Milwaukee, Wisconsin (Urban Milwaukee) – It’s easy to distance yourself from tragedy, even when it’s happening in your own town. One tragedy becomes like another, not really hitting you until it hits you personally. It then becomes something else, so powerful it’s almost surreal. Imagine what its like to enter adulthood knowing a good portion of your friends are either opioid or heroin addicts, or know some who are. For myself and much of my generation, that’s increasingly the reality. Fortunately, I haven’t lost any people yet. But that, sadly, can’t be said for some of my closest friends. Without naming names or casting blame, that’s the story I need to share.
I’ve lived in Milwaukee my entire life but in several different places in the city. When it came time to enroll in high school, my mother and I moved to Wauwatosa for better options. Throughout high school, as anywhere else I suppose, drugs were prevalent. However, opioid abuse–to my knowledge–didn’t appear to be a widespread issue at that time.
That was from the ages of 15-18. I’m 21 now, and things have shifted in the oddest of ways. At first you hear about this kid snorting something for giggles, then one too many stories of heroin use. Fall and winter seemed to bring rehab admissions, and seasonal depression. The use of opioids and heroin were closely related; depending on which drug is easier to obtain.
It became increasingly clear that opioids were spreading among those even younger than I, how could that be? What’s going on? Where’s it coming from? The cycle often has one of two endings: someone you know dies, or someone you know has a friend or relative who dies.
After high school, from 18-20 years old, I moved back to Milwaukee with my aunt and then father. Two houses down, people not that much older than I lived with their young children. One girl would come outside and play with the neighborhood children, but never spoke. Rather, she’d whine or grunt, or remain totally silent. I eventually discovered she was the daughter of relatively functional heroin addicts. Her exposure to the drug use, however, left her a stunted and complicated soul. She was almost like a wild child, escaping her home day and night only to return later. When her family nodded off, the doors were often left open for her to roam. It’s a cycle playing out across Milwaukee and neighboring counties and suburbs.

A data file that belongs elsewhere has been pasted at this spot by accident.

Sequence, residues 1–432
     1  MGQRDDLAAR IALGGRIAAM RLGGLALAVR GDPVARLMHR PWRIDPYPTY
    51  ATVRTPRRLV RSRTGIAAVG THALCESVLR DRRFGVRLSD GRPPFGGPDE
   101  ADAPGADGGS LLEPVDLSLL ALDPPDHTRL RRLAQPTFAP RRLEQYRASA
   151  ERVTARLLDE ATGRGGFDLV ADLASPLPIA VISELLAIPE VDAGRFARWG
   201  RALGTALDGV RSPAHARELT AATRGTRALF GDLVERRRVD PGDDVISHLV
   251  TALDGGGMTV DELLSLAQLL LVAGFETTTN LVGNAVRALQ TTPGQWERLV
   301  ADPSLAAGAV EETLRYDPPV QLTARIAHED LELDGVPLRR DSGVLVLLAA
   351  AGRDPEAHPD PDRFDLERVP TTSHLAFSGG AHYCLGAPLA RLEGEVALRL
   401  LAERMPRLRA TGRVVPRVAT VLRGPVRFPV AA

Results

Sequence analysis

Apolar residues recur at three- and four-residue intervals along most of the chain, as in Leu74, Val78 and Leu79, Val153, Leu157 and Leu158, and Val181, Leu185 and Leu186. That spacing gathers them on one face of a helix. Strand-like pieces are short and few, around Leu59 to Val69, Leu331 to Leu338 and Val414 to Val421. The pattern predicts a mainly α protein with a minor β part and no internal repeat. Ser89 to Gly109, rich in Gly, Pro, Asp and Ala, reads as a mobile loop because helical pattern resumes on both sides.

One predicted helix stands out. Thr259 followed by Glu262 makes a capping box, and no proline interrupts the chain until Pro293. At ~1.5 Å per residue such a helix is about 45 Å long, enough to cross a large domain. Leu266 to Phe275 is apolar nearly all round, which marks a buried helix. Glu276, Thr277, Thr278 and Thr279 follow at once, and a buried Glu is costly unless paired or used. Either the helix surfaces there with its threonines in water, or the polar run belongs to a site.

But nothing compared to seeing my friends high, nodding as they stood up or sat down. For a while, I didn’t even realize it was happening. But eventually my mind could no longer hide the reality. It was a darker, more dreadful thing to behold than I’d anticipated. Watching their lives spiral ever downward isn’t easy. One rehab or hospital visit turns to two, then three, and so on depending on the person. That’s assuming you’re lucky enough to have friends who survive long enough for that.
Being unlucky means going about your life until, one day, you hear someone’s gone. One friend of mine lost several people in less than a year. They were all kids his age, 18-19, or younger. Punctuating that tragedy were mug shots of those you once knew–arrested for opioid possession or distribution. They’d occasionally drift through your Facebook feed and then away again. You let it pass as if it’s just another meme or pointless viral video. Except it’s not.
And where’s the response from city and county officials? Last year the Milwaukee Common Council released a report called “888 Bodies and Counting,” which found there was a 495 percent increase in heroin-related deaths in Milwaukee County between 2005 and 2014 along with a big increase in opioid-related deaths. But where’s the followup to this report? Where’s the task forces, treatments and visionary, daring new ideas tested in other states? What about protests or demonstrations? Some treatment centers have cropped up, but the response pales in comparison to the issue at hand. Each day spent ignoring this crisis on a local level is a subtle insult to the victims. It relegates the issue to the periphery, leaving only shame for those caught in addiction.
Which leads to another thing that’s widely known, but never talked about: addict shaming. For many people, whether younger, say 15-21, or older users, shame and stigma is real. I’ve seen people who weren’t addicts, but simply hung around some, ostracized by others. It’s often a matter of standing by someone you’ve known your entire life. But to onlookers, those perhaps not as immediately affected by the epidemic, judgements come easy.
Treating the addicted like lepers doesn’t solve anything. How many families attempt to help their addicted loved ones, and how many disown them? This is a facet of the crisis that needs to be openly acknowledged. Without doing so, I fear America may never come to grips with this issue. We must see addicts as people, not rotten fruits to be shaken from the tree. Drug users are people, like you or me, and they need our help.